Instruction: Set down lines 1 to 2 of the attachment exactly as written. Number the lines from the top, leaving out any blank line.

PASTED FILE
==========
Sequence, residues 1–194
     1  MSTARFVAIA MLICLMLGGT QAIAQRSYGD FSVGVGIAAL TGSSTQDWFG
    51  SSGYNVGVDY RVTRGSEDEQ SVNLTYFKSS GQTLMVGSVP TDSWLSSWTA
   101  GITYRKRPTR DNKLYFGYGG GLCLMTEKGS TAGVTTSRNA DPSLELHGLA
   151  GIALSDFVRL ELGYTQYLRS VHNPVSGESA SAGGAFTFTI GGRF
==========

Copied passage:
Sequence, residues 1–194
     1  MSTARFVAIA MLICLMLGGT QAIAQRSYGD FSVGVGIAAL TGSSTQDWFG